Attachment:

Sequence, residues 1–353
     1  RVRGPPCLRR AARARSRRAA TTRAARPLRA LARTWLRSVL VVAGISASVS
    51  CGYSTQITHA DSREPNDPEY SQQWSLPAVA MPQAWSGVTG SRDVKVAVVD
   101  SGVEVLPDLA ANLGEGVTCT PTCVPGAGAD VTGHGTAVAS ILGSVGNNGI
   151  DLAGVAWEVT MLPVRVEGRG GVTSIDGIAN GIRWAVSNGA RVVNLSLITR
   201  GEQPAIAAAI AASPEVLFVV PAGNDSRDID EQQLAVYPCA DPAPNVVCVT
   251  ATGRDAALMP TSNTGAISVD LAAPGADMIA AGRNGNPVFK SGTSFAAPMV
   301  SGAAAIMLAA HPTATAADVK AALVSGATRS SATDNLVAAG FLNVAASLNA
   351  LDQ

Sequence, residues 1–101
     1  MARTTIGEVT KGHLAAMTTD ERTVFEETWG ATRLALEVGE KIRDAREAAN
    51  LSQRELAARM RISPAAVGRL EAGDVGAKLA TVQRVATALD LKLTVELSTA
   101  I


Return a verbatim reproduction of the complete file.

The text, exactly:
Sequence, residues 1–353
     1  RVRGPPCLRR AARARSRRAA TTRAARPLRA LARTWLRSVL VVAGISASVS
    51  CGYSTQITHA DSREPNDPEY SQQWSLPAVA MPQAWSGVTG SRDVKVAVVD
   101  SGVEVLPDLA ANLGEGVTCT PTCVPGAGAD VTGHGTAVAS ILGSVGNNGI
   151  DLAGVAWEVT MLPVRVEGRG GVTSIDGIAN GIRWAVSNGA RVVNLSLITR
   201  GEQPAIAAAI AASPEVLFVV PAGNDSRDID EQQLAVYPCA DPAPNVVCVT
   251  ATGRDAALMP TSNTGAISVD LAAPGADMIA AGRNGNPVFK SGTSFAAPMV
   301  SGAAAIMLAA HPTATAADVK AALVSGATRS SATDNLVAAG FLNVAASLNA
   351  LDQ

Sequence, residues 1–101
     1  MARTTIGEVT KGHLAAMTTD ERTVFEETWG ATRLALEVGE KIRDAREAAN
    51  LSQRELAARM RISPAAVGRL EAGDVGAKLA TVQRVATALD LKLTVELSTA
   101  I